The grandmother of one of the teens affected is quoted in the article as saying, “One of the men that cuts several yards made a remark to one of our neighbors, ‘that if he saw her cutting grass again that he was going to call Gardendale because she didn’t have a business license,'”

Because he fears the teens will encroach on the business he believes he rightfully deserves, he plans to include the government to act on his behalf. This is unfortunately pretty common. Our economic system is designed around this. Business owners fear competition, so they call in the government to create new or more stringent regulations to prevent competitors from opening. It’s called cronyism.

These are a few examples, but this line of thinking has invaded our everyday lives. When a neighbor plays their music too loud, instead of knocking on their door, appealing to their better nature and asking them to turn down the volume, often the cops are called instead.

When someone does something we disagree with, we call in the government to prevent them from doing it instead of saying, this really doesn’t affect me.

Community outreach and activism has been replaced by lobbying government to force people to live and act as we believe they should. The government loves this; it makes it bigger and more powerful. It gives the president, congress, town councils, mayors, and state legislators more power than they ever should have had. It creates new government programs and bureaucracies. It increases budgets, which increases taxes.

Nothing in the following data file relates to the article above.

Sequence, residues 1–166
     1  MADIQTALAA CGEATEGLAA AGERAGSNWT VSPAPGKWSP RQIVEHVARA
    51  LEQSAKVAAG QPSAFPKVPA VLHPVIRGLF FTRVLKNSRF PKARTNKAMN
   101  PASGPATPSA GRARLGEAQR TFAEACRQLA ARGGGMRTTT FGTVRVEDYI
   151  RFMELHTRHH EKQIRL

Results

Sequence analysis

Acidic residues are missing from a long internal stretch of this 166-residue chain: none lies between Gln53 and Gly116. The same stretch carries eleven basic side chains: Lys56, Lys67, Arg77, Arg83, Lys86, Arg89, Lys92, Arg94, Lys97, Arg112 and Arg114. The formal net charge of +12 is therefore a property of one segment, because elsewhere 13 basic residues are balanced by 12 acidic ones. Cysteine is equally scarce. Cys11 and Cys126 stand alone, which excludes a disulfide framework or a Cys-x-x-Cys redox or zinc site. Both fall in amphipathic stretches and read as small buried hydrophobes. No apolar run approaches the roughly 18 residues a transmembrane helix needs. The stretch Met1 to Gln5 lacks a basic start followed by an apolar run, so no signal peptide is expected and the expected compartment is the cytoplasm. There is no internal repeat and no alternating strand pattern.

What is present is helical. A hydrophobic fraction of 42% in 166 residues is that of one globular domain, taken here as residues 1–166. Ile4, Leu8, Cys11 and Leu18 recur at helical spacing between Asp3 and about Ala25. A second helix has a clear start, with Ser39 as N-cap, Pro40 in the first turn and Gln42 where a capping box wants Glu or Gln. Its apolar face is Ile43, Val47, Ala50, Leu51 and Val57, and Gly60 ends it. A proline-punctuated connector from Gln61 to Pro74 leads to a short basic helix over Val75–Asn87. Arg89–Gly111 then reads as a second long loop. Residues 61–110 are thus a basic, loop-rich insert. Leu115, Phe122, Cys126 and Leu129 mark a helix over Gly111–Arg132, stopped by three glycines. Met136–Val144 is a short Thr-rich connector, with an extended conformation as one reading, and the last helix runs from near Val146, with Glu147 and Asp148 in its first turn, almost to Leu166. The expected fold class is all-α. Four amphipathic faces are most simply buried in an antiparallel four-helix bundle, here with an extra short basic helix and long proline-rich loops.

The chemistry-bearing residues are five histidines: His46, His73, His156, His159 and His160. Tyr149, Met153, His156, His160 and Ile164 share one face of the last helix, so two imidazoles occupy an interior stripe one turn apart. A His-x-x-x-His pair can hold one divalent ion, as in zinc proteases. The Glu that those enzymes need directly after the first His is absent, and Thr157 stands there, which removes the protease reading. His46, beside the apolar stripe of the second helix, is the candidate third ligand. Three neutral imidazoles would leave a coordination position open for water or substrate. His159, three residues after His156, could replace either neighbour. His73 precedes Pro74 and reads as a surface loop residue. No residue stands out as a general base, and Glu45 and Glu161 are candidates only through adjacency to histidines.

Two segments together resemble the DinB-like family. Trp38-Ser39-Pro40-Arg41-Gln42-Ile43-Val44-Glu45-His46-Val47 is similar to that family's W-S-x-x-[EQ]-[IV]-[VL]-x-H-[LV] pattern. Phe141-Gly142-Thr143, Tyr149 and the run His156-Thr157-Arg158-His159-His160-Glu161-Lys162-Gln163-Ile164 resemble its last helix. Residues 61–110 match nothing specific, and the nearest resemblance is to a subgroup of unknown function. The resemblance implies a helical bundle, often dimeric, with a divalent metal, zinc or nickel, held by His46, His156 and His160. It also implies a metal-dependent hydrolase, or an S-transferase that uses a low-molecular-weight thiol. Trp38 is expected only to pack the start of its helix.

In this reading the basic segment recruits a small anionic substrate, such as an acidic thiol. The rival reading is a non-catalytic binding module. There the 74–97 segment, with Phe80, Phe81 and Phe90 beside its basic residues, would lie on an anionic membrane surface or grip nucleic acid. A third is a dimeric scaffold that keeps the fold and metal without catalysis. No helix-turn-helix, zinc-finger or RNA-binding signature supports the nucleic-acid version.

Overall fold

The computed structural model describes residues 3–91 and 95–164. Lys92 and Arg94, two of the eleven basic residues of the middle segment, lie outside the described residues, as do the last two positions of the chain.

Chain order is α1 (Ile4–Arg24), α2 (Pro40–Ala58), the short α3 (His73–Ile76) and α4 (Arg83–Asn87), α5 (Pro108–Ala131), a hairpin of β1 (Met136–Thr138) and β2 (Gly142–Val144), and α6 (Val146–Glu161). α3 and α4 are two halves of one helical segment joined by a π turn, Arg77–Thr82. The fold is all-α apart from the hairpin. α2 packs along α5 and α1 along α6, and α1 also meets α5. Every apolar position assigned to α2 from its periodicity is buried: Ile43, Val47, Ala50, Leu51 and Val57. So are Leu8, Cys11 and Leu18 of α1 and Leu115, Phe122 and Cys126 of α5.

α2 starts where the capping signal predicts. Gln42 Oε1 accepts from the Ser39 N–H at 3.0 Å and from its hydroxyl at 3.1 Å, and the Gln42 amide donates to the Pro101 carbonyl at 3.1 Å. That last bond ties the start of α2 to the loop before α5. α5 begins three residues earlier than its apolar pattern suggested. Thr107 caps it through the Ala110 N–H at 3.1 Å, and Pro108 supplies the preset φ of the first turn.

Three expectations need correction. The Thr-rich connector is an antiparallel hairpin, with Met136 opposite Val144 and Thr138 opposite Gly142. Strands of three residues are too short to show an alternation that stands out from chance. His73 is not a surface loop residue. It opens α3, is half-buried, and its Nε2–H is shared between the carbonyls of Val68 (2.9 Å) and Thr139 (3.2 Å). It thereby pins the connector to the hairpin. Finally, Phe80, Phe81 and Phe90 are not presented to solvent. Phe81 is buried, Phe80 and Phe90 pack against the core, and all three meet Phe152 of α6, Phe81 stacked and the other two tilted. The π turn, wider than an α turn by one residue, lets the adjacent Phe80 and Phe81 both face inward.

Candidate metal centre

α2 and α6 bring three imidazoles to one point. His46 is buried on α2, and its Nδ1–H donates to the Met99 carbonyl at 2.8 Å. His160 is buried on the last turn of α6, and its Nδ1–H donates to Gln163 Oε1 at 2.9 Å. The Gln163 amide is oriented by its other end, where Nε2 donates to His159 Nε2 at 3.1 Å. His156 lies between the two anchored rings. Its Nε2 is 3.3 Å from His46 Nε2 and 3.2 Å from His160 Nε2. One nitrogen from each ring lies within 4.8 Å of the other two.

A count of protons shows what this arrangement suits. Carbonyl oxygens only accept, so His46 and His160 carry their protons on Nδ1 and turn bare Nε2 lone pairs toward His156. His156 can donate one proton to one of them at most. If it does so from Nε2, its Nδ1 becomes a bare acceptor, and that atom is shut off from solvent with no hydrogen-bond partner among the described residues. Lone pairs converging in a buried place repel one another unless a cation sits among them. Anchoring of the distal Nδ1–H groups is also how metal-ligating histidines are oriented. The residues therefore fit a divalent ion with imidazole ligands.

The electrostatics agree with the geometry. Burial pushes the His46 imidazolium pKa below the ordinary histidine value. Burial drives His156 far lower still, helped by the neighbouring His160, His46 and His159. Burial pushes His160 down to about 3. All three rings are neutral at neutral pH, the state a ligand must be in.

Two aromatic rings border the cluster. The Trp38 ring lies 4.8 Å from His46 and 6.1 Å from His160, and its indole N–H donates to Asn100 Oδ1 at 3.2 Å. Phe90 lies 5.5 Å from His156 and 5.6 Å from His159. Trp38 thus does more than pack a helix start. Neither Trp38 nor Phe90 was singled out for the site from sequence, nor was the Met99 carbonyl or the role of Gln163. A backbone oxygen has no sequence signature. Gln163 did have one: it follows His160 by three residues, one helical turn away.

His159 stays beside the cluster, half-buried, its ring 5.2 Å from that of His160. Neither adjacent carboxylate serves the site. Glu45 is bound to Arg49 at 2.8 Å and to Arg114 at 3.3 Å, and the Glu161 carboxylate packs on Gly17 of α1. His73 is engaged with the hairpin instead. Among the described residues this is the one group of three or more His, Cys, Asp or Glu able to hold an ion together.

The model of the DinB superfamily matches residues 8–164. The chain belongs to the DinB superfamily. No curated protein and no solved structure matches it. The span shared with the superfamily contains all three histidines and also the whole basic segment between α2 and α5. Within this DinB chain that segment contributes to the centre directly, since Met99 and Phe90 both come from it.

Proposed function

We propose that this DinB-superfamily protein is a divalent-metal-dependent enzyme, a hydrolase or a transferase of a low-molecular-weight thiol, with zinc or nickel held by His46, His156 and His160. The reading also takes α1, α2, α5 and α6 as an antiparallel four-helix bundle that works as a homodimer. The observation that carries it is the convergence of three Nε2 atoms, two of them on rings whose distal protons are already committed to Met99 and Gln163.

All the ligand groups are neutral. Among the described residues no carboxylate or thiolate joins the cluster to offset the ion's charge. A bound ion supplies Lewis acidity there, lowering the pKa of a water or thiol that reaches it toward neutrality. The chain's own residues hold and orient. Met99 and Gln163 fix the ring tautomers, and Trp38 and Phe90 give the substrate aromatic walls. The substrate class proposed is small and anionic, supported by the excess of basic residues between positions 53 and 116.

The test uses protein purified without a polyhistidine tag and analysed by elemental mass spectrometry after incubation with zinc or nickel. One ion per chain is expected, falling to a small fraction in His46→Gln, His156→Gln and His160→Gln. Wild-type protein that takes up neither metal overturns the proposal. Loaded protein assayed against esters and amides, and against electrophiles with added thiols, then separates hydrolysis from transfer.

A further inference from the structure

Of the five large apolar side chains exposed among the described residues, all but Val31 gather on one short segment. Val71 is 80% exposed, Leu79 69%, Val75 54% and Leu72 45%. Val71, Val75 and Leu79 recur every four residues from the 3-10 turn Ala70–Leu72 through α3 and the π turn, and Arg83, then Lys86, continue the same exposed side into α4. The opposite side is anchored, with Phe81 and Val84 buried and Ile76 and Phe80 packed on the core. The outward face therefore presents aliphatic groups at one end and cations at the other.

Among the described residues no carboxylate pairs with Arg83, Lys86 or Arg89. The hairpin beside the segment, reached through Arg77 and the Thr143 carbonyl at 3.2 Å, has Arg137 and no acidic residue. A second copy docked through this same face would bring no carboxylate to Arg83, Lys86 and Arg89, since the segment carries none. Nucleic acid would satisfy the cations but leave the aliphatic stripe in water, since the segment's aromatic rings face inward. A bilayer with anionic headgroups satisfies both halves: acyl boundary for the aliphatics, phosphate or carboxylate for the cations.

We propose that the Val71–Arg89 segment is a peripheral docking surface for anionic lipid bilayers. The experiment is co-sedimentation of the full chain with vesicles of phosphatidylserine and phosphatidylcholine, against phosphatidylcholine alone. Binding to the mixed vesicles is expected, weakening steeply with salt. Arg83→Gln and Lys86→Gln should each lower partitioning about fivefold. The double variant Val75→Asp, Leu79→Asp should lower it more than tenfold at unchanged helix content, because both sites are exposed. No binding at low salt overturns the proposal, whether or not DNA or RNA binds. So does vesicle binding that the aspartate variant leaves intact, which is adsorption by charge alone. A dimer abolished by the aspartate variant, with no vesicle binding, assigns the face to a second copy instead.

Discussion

The government actively encourages this behavior. It’s the “if you see something, say something” mentality taken to the extreme. The government wants us to be enemies and it wants us to use it, and only it, in settling our disputes and our disagreements. It doesn’t want us understanding that we get a long a lot better without it interfering.

We have to stop relying on the government to solve all of our problems, because our biggest problem is the government itself. The biggest violator of our freedoms is the government, not our neighbors. The lawn mowing example from above, the main issue wasn’t that kids had an unfair

advantage in mowing grass without a business license, but that the business owner needed a license himself. So the mayor’s answer is to create a new type of business license, and the government gets bigger.

We have weaponized the government to use it against each other, and the only possible outcome of that is having it used against us in return.

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Mark Anderson

Mark Anderson

Contributor at Freedom Gulch
Mark Anderson lives in Frederick County, Virginia, where he chairs the libertarian advocacy group Frederick County Libertarians. He was the 2015 Libertarian Party candidate for the Virginia House of Delegates in the 33rd District. Mark is currently earning his Associates Degree in Business Administration with plans to study Economics at George Mason University.
Mark Anderson